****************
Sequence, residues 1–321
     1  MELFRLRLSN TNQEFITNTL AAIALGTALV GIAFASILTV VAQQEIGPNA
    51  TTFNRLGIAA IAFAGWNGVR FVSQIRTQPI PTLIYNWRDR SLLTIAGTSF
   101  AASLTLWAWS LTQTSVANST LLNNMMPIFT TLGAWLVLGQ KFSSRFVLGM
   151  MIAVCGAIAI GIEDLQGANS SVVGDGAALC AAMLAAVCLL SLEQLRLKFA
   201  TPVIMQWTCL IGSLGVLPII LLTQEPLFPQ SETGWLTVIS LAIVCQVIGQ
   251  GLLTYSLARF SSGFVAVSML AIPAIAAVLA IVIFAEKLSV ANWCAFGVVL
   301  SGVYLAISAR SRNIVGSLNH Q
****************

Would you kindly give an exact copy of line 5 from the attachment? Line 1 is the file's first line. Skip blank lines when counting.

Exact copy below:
   151  MIAVCGAIAI GIEDLQGANS SVVGDGAALC AAMLAAVCLL SLEQLRLKFA